Presented in conjunction with the exhibition Takashi Murakami: Stepping on the Tail of a Rainbow, on view at the Broad, Los Angeles, from May 21 to September 25, 2022, this conversation between Takashi Murakami and Etsuko Price—who, with her husband Joe, has amassed an unparalleled collection of traditional Japanese art focused on the Edo period—will explore how traditional Japanese painting has influenced and inspired Murakami’s creative practice. Moderated by Yuko Kaifu, president of Japan House in Los Angeles, the conversation will also offer a window into the long friendship that Murakami and the Prices have developed over their passion for traditional Japanese art. The conversation will be in both Japanese and English. To attend the event in-person or online, purchase tickets at eventbrite.com.

Left: Takashi Murakami. Right: Etsuko Price

Cy Twombly, Roses (Gaeta), 2004 © Fondazione Nicola Del Roscio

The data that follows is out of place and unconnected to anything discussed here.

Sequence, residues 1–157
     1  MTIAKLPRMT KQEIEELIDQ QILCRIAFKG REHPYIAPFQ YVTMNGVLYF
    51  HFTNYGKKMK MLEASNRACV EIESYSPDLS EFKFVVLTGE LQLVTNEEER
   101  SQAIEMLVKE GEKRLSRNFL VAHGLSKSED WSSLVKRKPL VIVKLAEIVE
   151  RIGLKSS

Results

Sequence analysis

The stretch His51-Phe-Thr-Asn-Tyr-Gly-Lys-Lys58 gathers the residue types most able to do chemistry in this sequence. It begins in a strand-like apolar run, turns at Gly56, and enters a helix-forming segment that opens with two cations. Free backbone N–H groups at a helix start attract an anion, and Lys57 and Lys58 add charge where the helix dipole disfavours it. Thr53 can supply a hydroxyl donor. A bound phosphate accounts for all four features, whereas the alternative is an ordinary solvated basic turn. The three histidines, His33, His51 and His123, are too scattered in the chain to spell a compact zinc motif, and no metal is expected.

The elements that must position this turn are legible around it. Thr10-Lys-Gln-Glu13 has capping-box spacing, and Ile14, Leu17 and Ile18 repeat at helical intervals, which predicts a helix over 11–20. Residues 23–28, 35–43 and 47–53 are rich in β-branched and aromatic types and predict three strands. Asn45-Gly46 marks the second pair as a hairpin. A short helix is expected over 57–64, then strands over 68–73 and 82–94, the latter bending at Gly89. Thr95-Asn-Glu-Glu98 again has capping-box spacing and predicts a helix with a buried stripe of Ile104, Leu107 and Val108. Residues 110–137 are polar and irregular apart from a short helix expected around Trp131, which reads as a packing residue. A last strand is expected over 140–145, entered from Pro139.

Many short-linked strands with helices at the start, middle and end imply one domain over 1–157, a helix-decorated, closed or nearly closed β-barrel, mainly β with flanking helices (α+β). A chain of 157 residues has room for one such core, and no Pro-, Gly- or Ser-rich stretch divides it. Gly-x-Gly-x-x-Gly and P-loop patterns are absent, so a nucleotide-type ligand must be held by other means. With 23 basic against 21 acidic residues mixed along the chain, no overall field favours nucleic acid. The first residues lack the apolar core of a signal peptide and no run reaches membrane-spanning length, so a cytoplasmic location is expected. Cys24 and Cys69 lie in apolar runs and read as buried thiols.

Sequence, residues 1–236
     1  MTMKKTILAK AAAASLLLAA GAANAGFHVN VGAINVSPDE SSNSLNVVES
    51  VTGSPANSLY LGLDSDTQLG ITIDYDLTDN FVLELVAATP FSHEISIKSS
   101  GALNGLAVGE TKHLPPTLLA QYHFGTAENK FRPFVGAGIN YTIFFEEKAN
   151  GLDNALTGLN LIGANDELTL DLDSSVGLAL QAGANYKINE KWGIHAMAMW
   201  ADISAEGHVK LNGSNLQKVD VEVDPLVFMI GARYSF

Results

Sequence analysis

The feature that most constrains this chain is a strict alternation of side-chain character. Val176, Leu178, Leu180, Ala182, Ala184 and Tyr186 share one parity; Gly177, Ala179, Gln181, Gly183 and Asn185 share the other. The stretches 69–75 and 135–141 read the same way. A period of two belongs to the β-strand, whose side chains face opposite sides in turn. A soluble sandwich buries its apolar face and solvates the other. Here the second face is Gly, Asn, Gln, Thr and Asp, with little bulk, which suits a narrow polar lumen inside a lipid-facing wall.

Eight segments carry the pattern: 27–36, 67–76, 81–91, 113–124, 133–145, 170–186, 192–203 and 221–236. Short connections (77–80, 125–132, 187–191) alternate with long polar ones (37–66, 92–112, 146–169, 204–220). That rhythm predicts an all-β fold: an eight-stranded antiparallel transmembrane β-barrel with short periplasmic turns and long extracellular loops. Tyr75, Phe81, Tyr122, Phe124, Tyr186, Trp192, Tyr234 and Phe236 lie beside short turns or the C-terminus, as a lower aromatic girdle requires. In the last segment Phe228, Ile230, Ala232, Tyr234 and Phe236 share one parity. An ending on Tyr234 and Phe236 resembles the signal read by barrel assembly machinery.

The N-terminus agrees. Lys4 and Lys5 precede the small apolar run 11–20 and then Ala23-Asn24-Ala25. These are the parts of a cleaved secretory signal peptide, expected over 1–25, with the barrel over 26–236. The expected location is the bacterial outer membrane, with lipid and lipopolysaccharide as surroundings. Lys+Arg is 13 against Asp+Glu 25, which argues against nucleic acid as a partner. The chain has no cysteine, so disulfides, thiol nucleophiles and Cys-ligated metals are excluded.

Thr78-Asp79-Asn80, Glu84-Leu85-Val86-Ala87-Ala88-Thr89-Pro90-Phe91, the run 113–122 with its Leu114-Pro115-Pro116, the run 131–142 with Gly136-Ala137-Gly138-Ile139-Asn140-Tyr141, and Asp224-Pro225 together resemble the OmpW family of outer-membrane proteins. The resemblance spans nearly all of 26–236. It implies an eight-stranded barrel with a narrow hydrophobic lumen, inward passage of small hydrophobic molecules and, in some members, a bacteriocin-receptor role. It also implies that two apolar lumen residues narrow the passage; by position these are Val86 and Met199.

Exhibition

Un/veiled
Cy Twombly, Music, Inspirations

May 20–June 11, 2022
Fondazione Nicola Del Roscio, Rome
fondazionenicoladelroscio.it

Fondazione Nicola Del Roscio, in collaboration with Cy Twombly Foundation, is presenting Un/veiled: Cy Twombly, Music, Inspirations, a program of concerts, video screenings, piped music, and a series of works by Cy Twombly. The presentation is the result of an extensive three-year survey by Fondazione Nicola Del Roscio, at the behest of Nicola Del Roscio, that aims to collect, document, and preserve compositions by musicians from around the world who have been inspired by the work of Twombly or to establish an artistic dialogue with them. To visit the exhibition, e-mail roma@fondazionenicoladelroscio.it. To attend the concerts, access the schedule and bookings links at fondazionenicoladelroscio.it.

Cy Twombly, Roses (Gaeta), 2004 © Fondazione Nicola Del Roscio

A Takashi Murakami painting of a female avatar with blue and pink hair: CLONE X #59 Harajuku-style Angel

Takashi Murakami and RTFKT: An Arrow through History